Experienced firefighters often take the most pride in their "good stops," the small fires that get put out before they ever get big enough to make the news.
For Saltaire firefighter Elizabeth Kelly, tamping down a smoldering patch of dune grass counts as a good stop. She has seen what ocean breezes can do with a stray spark in this Fire Island tinderbox of wood-shingled houses, dry brush and brittle boardwalk.
Fires are few, and so are the volunteers in her summer community of 400 homes, whose owners may occupy them just a few weeks each year as a refuge from the workaday world.
For Kelly, a Pace University administrator who grew up spending every summer on the barrier island and worked as a lifeguard in her younger years, volunteering with the fire department has been a natural part of hometown life.
It comes with the annual hose test on the boardwalk, equipment drills on the pumper and stints at the dispatch console. There's also the annual parade, the centerpiece of the community's summer, and silly competitions like the races to put on fire gear, which she won two years in a row once.
Many of her springtime afternoons were spent inspecting homes, reminding residents to put in smoke detectors and to clear dry brush from a three-foot radius of their homes, though that job is now assigned to a village fire marshal.
And, of course, there are the emergencies. There were just 64 of them last year, but since they tend to be squeezed into a handful of summer weekends and must be handled among just 28 volunteers, fire duty has a way of dominating her time on the island.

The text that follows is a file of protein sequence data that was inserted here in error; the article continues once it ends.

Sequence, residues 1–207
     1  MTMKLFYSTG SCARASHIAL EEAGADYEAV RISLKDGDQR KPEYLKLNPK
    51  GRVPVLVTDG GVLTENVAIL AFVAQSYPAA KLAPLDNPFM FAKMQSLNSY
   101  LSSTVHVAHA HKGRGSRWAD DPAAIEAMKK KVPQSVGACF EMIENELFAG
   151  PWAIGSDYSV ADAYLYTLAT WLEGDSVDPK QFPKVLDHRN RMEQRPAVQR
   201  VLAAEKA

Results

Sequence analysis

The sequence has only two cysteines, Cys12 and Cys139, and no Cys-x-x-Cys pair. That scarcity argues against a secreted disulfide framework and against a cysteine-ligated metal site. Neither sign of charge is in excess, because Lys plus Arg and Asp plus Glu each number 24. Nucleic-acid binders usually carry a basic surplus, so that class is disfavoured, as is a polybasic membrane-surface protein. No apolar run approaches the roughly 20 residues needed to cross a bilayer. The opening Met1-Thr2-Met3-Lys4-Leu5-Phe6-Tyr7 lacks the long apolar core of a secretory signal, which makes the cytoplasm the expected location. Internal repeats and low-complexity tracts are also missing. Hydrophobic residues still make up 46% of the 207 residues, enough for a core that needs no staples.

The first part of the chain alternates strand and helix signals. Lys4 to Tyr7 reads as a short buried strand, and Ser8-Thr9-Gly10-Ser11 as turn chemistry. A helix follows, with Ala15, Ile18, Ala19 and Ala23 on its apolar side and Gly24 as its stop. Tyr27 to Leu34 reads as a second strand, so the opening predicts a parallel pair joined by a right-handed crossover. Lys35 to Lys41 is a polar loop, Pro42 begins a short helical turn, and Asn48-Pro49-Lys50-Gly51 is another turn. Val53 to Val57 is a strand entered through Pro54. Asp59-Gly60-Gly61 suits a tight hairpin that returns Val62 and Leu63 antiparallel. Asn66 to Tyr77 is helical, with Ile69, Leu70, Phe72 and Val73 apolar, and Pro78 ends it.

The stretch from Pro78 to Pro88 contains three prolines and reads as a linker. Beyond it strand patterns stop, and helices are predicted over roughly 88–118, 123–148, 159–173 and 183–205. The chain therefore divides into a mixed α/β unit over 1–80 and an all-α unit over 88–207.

"You get the same five or six people who do a lot of work, who get everything done and get frustrated by it ... " Kelly, 40, said. "It's a constant love-hate thing; it's really a small thing, and everyone's either a neighbor or a brother or a sister or a former baby-sitter. We all really know each other.
"When there's an emergency, things are great. But the requirements for training and for putting in your time can start to wear on people."
So can the workload on what should be the most idyllic summer weekends, when short-term renters slam a shoulder in a wave or get too much sun and don't understand that the people surrendering an entire afternoon to drive them off the island do it for free.
"My use of that island as a leisurely place, I recognize that's changed," said Kelly, whose year-round home is in Brooklyn. "My family says, 'We never see you!' "
But there are pleasures, too, in the routines of membership, like helping run the annual Labor Day pancake breakfast, when the modest firehouse opens its doors to the community. Or stopping by now and then at Saltaire's firehouse to tidy up, have a beer and chew the fat with some of the no-nonsense older firemen who started the department and have steadied it through many changes.
Saltaire's volunteers held a cocktail party last spring to attract new members. That may be what brought in three new women to volunteer as emergency medical technicians -- the department is now allowing recruits to skip the fire side of the training that Kelly had to master to join. And this year, neighboring Fair Harbor added some new medical volunteers, too. She's seen volunteers come and go, but this summer, the first one in a long time, didn't come with such a burnt-out feeling.
"It's nice to have those new women around," she said. "I'm hopeful."